貌强:Bush met Charm Tong, The Shan Heroine of Burma |
作者： 貌强 Maung Chan （缅甸华族）
S.H.A.N. & Burma’s News Published by Burma’s Chinese
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President George W. Bush, being concerned over Burma’s human rights violations, inequality of nationalities and Burmese soldiers’ gang-rape, accompanying by his four-member advisory team, met about one hour withCharm Tong, a 23-year-old Shan woman leader campaigning for the human rights,equal rights of all ethnic nationalities and security rights of women in the military-ruled Burma.
"The president is pleased to welcome such a courageous and compassionate woman to the White House," said White House spokesman Scott McClellan .
As co-founder of the widely respected Shan Women's Action Network (SWAN), Charm Tong is a "courageous and compassionate" critic of Burma’s militaryrulers, She "has dedicated her life to helping those who suffer under the military rule in Rangoon and to exposing the regime's abuses, particularly against women," McClellan told reporters.
Charm Tong, the Shan lady of the central Shan state, home to the country's biggest ethnic minority, fled to Thailand as a small child to escape ethnic persecution in Burma. Her father is a commander of the Shan State Army, an insurgent group still battling Burma’s troops. He died last year.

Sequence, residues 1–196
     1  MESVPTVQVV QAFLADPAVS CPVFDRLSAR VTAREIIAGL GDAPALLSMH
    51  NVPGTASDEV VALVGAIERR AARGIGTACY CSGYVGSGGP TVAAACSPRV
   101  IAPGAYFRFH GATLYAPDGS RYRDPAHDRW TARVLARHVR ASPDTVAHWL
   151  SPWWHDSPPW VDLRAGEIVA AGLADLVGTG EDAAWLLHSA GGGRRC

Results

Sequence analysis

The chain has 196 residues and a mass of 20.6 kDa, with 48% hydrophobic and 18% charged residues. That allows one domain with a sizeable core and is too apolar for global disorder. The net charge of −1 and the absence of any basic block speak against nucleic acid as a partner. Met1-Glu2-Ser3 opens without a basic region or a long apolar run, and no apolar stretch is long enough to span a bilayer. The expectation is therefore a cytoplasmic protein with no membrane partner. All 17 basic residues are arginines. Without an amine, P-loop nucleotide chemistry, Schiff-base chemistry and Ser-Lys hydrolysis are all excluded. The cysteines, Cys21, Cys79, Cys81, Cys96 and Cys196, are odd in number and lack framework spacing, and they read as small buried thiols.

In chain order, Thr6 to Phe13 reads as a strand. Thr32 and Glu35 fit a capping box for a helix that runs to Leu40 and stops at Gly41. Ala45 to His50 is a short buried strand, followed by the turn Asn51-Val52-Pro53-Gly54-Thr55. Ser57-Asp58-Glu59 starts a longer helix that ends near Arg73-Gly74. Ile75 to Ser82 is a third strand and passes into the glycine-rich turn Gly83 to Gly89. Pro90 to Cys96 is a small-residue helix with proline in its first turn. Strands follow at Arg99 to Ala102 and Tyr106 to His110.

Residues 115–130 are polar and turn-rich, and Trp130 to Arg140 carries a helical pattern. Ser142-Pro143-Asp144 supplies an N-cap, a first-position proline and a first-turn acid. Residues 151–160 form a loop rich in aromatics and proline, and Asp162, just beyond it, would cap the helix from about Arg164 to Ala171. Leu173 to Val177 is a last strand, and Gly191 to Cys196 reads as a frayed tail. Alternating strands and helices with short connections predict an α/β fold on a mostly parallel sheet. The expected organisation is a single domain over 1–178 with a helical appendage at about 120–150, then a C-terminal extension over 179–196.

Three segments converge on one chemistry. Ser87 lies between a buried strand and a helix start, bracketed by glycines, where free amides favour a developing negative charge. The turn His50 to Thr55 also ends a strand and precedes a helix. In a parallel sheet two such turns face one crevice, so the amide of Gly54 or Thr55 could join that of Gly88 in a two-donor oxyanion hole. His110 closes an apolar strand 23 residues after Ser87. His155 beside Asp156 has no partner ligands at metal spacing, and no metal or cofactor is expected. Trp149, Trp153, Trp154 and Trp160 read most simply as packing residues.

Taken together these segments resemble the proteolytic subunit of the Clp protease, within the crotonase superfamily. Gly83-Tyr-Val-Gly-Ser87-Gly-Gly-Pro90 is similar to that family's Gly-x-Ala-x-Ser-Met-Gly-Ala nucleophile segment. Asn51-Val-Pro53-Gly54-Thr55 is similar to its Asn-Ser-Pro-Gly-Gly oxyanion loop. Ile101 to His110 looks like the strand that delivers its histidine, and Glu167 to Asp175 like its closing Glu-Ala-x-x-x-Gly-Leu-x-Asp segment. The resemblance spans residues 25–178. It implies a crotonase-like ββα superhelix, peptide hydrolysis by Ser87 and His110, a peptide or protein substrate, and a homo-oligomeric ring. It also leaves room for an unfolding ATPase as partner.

Charm Tong has co-founded a network of human rights monitors on the Thai-Burmese border and established a school for poor Shan refugees. Her SWAN group has documented the systematic rape of innocent ethnic girls and women as a weapon of war by Burma's soldiers.
Her SWAN is best known for producing the 2002 report “License to Rape,”which shocks the world. This report documented 625 cases of rape against ethnic Shan women, a high percentage of which were incidents of gang rape described as a systematic campaign of sexual violence by the Burmese Army.
Charm Tong was awarded earlier this year the 2005 Reebok Human Rights Award given to young people who risk their lives to fight injustice and oppression.
She was named among "Asia's heroes of 2005" by Time magazine this month. She was also among four Burmese women nominated this year for the Nobel Peace Prize.